More Schools Don’t Make Progress in Borough, State


Jay Barrett/KMXT

Friday afternoon the State of Alaska released the list of schools that did and did not meet education standards under the federal No Child Left Behind Act. Of Alaska’s 505 public schools, 203, or just more than 40 percent, did not make what is called "adequate yearly progress," or AYP, an increase of 10 schools over last year.

The rate for the Kodiak Island Borough School District is a little better. Of the district’s 14 schools, five did not make AYP, which is two more than last year. Though the numbers of schools not making AYP increased, Superintendent Stewart MacDonald found reason for optimism.

(AYP 1 23 sec "We went from having … improvement planning.

The first year schools on the list are Akhiok, Old Harbor and Ouzinkie. Kodiak Middle School and Kodiak High School have been on the "did not meet" list for several years. For Kodiak Middle School, meeting AYP is somewhat of a moving target.

(AYP 2 41 sec "Not only do they have to … English proficiency group.")

Kodiak High School did not meet AYP because of low scores in mathematics. MacDonald said the staff is already working on what he called an "intervention strategy" to make changes to the math curriculum for the upcoming school year.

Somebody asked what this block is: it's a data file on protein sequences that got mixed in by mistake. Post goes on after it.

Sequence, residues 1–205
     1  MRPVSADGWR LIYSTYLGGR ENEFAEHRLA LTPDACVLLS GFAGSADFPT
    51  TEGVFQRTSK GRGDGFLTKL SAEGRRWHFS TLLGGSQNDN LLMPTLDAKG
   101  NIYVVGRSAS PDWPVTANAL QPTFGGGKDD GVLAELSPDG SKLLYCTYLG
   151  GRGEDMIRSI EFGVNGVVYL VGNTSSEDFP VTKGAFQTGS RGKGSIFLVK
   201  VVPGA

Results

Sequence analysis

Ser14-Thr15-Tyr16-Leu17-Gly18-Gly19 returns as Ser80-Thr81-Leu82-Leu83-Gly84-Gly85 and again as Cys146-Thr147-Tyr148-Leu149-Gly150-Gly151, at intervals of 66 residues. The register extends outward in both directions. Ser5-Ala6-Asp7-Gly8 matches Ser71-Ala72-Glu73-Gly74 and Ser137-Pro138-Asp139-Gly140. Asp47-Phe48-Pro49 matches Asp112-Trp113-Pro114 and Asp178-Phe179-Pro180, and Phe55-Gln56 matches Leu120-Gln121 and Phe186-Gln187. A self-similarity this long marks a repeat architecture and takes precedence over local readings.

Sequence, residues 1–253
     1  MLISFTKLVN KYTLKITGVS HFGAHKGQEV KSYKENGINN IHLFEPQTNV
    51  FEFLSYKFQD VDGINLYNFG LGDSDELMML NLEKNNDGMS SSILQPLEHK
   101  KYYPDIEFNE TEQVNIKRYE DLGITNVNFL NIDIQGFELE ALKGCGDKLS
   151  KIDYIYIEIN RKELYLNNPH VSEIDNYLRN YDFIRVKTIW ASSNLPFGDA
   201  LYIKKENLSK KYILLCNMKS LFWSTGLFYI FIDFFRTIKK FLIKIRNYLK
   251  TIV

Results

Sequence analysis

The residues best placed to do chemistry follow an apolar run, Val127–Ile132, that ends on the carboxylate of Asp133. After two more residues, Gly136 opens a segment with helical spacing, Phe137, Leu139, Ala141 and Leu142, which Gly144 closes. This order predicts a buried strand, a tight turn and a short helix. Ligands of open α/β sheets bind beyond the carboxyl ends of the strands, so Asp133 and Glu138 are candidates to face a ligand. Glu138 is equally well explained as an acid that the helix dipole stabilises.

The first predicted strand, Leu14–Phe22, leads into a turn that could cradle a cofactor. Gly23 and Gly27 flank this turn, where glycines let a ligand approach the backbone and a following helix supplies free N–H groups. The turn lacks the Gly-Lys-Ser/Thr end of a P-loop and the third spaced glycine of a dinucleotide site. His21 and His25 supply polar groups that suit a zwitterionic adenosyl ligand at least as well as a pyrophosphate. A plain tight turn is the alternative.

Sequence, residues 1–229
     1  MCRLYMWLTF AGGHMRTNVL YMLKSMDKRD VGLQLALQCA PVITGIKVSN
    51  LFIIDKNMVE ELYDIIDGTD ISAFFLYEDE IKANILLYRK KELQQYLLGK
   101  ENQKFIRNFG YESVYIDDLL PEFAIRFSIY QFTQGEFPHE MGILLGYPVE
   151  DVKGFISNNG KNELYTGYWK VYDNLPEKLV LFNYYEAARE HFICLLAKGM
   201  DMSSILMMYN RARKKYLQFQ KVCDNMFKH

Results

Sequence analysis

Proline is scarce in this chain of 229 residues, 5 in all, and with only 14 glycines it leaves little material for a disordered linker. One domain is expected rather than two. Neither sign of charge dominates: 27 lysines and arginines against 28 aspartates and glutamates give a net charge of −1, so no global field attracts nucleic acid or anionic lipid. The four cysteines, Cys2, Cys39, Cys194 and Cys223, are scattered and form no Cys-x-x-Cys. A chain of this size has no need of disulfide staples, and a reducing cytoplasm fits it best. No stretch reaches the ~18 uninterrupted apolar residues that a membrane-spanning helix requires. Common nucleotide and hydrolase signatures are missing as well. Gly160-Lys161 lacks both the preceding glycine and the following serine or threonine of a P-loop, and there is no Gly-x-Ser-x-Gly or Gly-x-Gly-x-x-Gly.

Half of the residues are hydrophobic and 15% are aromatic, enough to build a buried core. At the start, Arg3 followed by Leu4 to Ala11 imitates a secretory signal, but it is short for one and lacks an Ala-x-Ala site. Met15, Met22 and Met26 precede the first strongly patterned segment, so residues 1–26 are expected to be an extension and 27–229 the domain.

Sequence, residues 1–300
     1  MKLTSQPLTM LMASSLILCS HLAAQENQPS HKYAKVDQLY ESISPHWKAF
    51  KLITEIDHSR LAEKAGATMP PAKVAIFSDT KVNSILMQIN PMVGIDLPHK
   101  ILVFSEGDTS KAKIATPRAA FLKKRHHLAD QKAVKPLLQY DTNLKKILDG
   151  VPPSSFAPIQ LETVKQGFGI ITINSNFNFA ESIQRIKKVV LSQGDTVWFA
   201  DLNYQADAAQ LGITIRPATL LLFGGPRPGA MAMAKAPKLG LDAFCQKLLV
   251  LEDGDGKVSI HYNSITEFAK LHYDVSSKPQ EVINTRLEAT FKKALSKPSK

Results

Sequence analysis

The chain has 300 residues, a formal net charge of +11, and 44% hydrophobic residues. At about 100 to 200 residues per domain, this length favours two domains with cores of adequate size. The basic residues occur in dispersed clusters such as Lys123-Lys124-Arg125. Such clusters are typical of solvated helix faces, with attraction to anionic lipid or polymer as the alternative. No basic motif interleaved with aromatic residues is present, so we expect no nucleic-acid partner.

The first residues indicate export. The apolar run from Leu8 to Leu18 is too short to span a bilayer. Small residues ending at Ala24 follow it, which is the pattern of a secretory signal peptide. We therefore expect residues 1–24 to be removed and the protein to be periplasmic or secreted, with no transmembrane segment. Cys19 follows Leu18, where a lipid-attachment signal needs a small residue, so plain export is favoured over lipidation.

One of the challenges for meeting AYP is the diversity of Kodiak, with a number of immigrant populations that have limited English language proficiency. However the district does not get much federal help in serving those groups:

(AYP 3 27 sec "There is a Title 3 … $20,000 for the whole district.")

MacDonald said the district spends far more of its own money on English proficiency intervention than it gets from the federal government. One highlight in that area is Main Elementary, which is in the 60th percentile in both poverty level and English proficiency, yet it made AYP, with scores of 81 percent in language and math.

MacDonald said he would like to see all the schools making adequate yearly progress every year, but he would like to see that as a natural outgrowth of the district’s teaching policies:

(AYP 4 39 sec "Rarely are we overjoyed … doing all of the right things.")

The Larsen Bay School, which did not meet AYP for several years, made adequate yearly progress for two years in a row, and was moved to the list of schools meeting the standards.

There will be a board of education special meeting and work session this evening, where MacDonald and his staff, including Melissa Byers, the director of federal programs and assessment, will be reporting the AYP results to the school board. It is open to the public.


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